Steering Clear of IRA Mistakes


Over the past few decades, the baby-boomer generation has been at the front of the transition from pension plans to personal contribution style retirement saving accounts. Among other benefits, each individual now enjoys greater control—and more options—in accumulating assets for retirement.

But with these opportunities comes an additional burden. People must take greater responsibility for financial decision-making by educating themselves as to the rules governing 401(k) plans and IRAs—or risk depletion of the funds they’ve worked hard to amass.

Luckily, the financial industry is becoming more specialized with retirement phase experts who can help to navigate this tricky course. But that doesn’t mean people planning for retirement always make the right decisions. Here are a couple of the biggest mistakes in managing your 401(k) or IRA—and some alternatives to protect your assets:

The mistake: Early withdrawal—If you take a withdrawal from an IRA account before age 59 ½, you are immediately subject to a 10 percent penalty on the funds taken—plus income tax. For example, a 55-year old in a 25 percent tax bracket would expect to pay $3,500 in penalties and taxes on a $10,000 IRA withdrawal.

The solution: Aside from the obvious “don’t touch that money until you’re 59 ½” there are circumstances under which you could take an early distribution and not be penalized. These include:

  • Using funds to pay for your—or your child/grandchild’s—college education
  • Buying your first home
  • Certain medical expenses

Be advised, however, that these funds will still be taxed—just not subjected to the 10% penalty.

The mistake: Active account management—Managers may offer advice and promise sound investment decisions, but how can an investor trust that the manager is acting in their best interests? A recent U.S. News article reported that the Government Accountability Office (GAO) conducted recent studies of eight account managers. After giving each manager a profile of a hypothetical participant, the researchers found that all of the managers chose different options and balancing intervals—for the same participant!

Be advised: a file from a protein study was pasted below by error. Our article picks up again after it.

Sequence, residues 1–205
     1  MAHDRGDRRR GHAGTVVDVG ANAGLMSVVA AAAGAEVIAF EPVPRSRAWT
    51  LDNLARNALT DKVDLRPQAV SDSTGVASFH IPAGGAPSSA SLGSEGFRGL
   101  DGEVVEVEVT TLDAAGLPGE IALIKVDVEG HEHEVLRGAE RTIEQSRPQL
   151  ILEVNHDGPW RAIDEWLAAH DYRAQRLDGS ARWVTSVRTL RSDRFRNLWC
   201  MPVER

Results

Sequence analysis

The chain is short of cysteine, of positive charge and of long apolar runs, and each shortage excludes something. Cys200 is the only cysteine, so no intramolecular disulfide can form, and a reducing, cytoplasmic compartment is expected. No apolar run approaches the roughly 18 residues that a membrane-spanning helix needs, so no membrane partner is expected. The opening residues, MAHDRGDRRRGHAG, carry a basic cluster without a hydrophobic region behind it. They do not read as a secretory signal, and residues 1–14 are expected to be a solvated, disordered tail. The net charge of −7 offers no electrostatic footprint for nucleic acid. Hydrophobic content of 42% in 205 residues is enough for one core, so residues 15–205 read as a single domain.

“Some participants cannot be assured that they are receiving impartial managed account services or are able to rely on investment professionals taking on appropriate fiduciary responsibilities,” GAO reported.

Add in the management fee—which can approach a full 1% each year—and investors need to determine whether active management will help or hinder their long-term goals.

The solution: Numerous options exist for the educated investor that will allow you to manage your own 401(k) account. Perhaps the greatest value to such an approach is the avoidance of fees. On top of the 1% per year that account managers can charge, active managers tend to choose—surprise—actively managed mutual funds! These lead to higher expense ratios.

It would be one thing if active management led to high returns, but even Morningstar has admitted that low cost is the strongest indicator of mutual fund performance.

The best advice is to learn the ins and outs of 401(k) plans and IRAs. Retirement phase experts can offer the resources and materials to help you attain the knowledge you need. Spend a little time now, and you’ll save a lot of money later.

DISCLAIMER: Retirement Media Inc. does not sell or recommend financial products of any kind. The contents of this article are to be used purely for informational purposes. Consult a qualified professional.


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